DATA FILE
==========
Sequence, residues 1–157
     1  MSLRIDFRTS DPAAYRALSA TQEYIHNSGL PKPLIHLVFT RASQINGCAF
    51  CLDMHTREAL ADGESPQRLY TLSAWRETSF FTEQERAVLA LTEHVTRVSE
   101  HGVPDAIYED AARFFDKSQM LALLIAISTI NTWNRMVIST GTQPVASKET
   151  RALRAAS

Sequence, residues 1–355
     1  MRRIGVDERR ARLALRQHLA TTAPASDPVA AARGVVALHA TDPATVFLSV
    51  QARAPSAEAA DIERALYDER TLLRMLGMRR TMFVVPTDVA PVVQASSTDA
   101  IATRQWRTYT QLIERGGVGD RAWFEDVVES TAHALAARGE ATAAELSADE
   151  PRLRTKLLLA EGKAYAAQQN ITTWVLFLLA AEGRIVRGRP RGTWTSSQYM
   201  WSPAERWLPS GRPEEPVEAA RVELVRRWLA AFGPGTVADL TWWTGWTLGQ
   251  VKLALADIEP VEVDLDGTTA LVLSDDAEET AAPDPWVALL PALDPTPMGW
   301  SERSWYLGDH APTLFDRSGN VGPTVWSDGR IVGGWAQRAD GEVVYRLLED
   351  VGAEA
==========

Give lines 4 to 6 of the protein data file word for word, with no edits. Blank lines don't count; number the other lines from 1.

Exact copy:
   101  HGVPDAIYED AARFFDKSQM LALLIAISTI NTWNRMVIST GTQPVASKET
   151  RALRAAS

Sequence, residues 1–355